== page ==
clindamycin vs. penicillin for putrid lung the course, the common antecedent event or typical risk for aspi-
abscess e Levison et al. [6] ration in the host and putrid drainage which is generally considered
diagnostic of infections involving anaerobes. Some of the clinical
features are summarized in Table 2 which includes 193 patients
With regard to treatment, there were relatively few formal with anaerobic lung infections. The composite findings include an
studies of various antibacterial agents for patients with anaerobic antecedent predisposition to aspiration and typical clinical features
lung infections, possibly related to the difficulty of obtaining valid of pneumonitis. The features that specifically suggest involvement
specimens for meaningful anaerobic culture. Perhaps the most with anaerobic bacteria include the predisposition to aspiration,
outstanding contribution in terms of study design and meaningful the rather chronic course of most of these infections, pulmonary
conclusions that had substantial impact on the field was the necrosis, and/or putrid sputum, breath or empyema fluids.
comparative trial of penicillin vs. clindamycin in the treatment of It should be emphasized that anaerobes are now forgotten
lung abscess involving anaerobic bacteria by Levison et al. [6]. This potential pathogens in pulmonary infection, both community-
showed clindamycin was clearly superior to penicillin despite the acquired and nosocomial pneumonia. Most are not acknowledged
fact that penicillin was generally regarded as the preferred drug for as important pathogens in contemporary guidelines on community-
the previous three decades. A subsequent randomized trial acquired pneumonia, no diagnostic studies are recommended to
comparing clindamycin vs. penicillin in 37 patients with lung abscess detect them and treatment guidelines ignore them [14]. It is not
or necrotizing pneumonia showed almost identical results [7]. clear that this is wrong, since the guidelines are based on clinical
response data from the Medicare database with over 13,000 records
3. Pathophysiology from CAP patients. Nevertheless, there are clinical settings that in
which anaerobes are clearly important. The clinical clues that
The usual source of anaerobic bacteria causing lung infections is specifically suggest anaerobic infection are pulmonary with:
the oral cavity especially the gingival crevice based on the previously 1) Putrid discharge (sputum, pleural fluid, breath); 2) Infection
reviewed data from D.T. Smith [3]. This is an area where the associated with aspiration that is often presumed based on predis-
concentrations of anaerobic bacteria approach the geometric limits position to aspiration and imaging showing infection in a dependent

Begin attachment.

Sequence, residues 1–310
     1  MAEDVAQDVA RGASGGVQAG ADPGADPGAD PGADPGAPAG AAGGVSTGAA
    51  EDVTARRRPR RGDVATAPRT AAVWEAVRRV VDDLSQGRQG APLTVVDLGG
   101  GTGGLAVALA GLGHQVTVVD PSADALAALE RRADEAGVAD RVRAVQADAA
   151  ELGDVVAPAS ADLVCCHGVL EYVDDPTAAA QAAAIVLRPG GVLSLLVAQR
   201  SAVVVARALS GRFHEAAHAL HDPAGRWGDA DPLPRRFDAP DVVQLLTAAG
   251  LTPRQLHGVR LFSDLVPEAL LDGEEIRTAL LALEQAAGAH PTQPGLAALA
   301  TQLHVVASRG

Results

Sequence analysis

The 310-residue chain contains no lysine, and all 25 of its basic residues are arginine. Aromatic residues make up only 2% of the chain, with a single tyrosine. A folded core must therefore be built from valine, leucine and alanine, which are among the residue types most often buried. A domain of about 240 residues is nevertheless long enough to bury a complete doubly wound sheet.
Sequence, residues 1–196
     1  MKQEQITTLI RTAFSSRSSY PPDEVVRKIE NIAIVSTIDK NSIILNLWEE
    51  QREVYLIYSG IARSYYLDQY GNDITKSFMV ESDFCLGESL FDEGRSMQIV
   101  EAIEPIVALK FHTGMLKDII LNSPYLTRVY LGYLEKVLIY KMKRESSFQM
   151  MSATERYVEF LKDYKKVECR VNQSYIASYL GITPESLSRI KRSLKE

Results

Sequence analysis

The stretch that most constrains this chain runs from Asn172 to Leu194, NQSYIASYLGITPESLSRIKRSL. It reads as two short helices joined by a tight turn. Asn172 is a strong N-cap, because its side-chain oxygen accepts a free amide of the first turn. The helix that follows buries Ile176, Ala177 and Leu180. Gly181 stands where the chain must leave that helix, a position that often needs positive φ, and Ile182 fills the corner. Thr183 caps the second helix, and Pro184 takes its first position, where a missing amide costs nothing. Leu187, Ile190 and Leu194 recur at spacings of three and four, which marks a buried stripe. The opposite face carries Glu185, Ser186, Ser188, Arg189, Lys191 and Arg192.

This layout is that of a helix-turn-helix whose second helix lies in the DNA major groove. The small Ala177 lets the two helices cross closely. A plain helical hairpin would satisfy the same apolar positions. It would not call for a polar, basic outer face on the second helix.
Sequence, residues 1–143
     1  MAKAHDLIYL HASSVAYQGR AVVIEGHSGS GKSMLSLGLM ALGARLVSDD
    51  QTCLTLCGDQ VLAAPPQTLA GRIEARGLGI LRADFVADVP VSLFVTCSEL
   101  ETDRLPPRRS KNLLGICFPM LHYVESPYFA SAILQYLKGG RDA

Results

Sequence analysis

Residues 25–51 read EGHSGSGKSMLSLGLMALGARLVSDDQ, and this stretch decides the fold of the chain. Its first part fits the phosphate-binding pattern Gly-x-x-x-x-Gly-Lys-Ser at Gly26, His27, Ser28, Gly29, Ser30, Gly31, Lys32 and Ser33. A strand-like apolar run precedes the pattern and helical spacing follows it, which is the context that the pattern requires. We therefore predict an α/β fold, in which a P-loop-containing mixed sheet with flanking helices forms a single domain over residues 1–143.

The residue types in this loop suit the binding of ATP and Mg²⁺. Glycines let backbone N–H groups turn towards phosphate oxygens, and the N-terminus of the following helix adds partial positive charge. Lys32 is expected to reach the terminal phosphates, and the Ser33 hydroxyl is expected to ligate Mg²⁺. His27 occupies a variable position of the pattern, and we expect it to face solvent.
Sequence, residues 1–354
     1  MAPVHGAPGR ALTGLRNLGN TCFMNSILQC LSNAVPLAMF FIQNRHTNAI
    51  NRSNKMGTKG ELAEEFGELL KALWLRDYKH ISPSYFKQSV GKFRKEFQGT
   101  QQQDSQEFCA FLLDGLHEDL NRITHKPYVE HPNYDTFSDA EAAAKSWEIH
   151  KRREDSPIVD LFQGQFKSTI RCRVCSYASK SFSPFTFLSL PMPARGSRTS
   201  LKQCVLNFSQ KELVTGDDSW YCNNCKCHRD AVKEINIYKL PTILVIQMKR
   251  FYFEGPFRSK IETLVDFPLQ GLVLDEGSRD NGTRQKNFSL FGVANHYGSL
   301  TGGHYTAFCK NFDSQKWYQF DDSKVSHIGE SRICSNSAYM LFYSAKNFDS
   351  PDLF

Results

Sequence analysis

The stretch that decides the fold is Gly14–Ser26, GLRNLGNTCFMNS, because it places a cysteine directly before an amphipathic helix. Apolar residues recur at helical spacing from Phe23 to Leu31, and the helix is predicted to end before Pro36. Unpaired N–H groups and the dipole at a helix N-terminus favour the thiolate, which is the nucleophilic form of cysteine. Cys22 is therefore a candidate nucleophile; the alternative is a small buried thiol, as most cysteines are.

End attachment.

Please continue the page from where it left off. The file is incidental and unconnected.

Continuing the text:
with which bacteria occupy space, about 1012/gm [8]. Most of the segment and 3) Infection associated necrosis of tissue with abscess
patients have a condition that predisposes to aspiration as a result formation, necrotizing pneumonia or a bronchopleural fistula
of reduced consciousness or dysphagia [9,10]. Thus, common ante- underlying an empyema.
cedent events or populations include illicit drug abuse, alcohol abuse, Recovery rates of anaerobic bacteria in selected syndromes are
seizures, anesthesia, esophageal lesions, neurologic disorders summarized in Table 3. This review is limited to cases for the
resulting in compromised consciousness or dysphagia, etc. The usual designated category in which specimens devoid of upper airway
segments involved are those that are dependent in the recumbent contamination (see below) were used and anaerobic cultures were
position which include the superior segments of the lower lobes and done. No attempt was made to evaluate the quality of the anaerobic
posterior of the upper lobes. Aspiration in the upright position favors microbiology, and it was not always clear that he microbiology
the lower lobes. Other predisposing conditions include obstructing specimens were obtained before antibiotic treatment.
lesions such as tumors, or foreign bodies such as the aspirated peanut.
5. Specimen sources
4. Clinical features
Diagnostic studies for the etiology of all forms of common
The first stage of this infection is pneumonitis that may be acute, pulmonary infections have become uncommon in contemporary
subacute or chronic. This is one form of “aspiration pneumonia”
which represents one of the three commonly recognized forms of
“aspiration pneumonia.” (The other two are foreign body aspiration Table 2
Clinical features of pulmonary infections involving anaerobic bacteriaa.
resulting in obstruction and aspiration of gastric acid resulting in
the equivalent of a chemical burn of the lung, so nicely described by Numberb Pneumonitis 79 Abscess 83 Empyema 51 Total 213
Mendelson [10,11]). Age (yrs) 60 52 49 51
The subsequent evolution of studies of this pulmonary infection Peak fever ( F) 102.6 102.1 102.4 102.4
WBC ( 1000/mL) 13.7 15.0 21.6 15.0
is highly variable, but a characteristic feature in many cases is tissue
Duration six (days) 3 14 15 7
necrosis resulting in lung abscess, necrotizing pneumonia or an Weight loss (Yes) 3% 43% 55% 30%
empyema. According to the previously noted studies by Smith [3] Putrid discharge 4% 49% 63% 32%
necrosis with abscess formation usually requires 6e7 days after Mortality 4% 4% 6% 4%
the bacterial challenge. Note that patients seen before this time will a
Categories are mutually exclusive.
present with a pulmonary infiltrate, usually in a dependent All figures are median values.
J.G. Bartlett / Anaerobe 18 (2012) 235e239 237

Table 3 sputum specimen in a tea strainer and then washing it with a jet of
Microbiology of lung abscess aspiration and empyema. tap water could reduce contaminants in the salivary envelope of the
Condition Frequency expectorated specimen by 100e1000-fold; it was also shown that
Lung abscess AnO2/total pts combining the wash procedure with quantitation produced good
Bartlett, 1993 [10] 53/57 (93%) results. The problem was that microbiologists found the procedure
Beerens, 1965 [15] 22/26 (85%) unacceptable due to the widespread contamination from the wash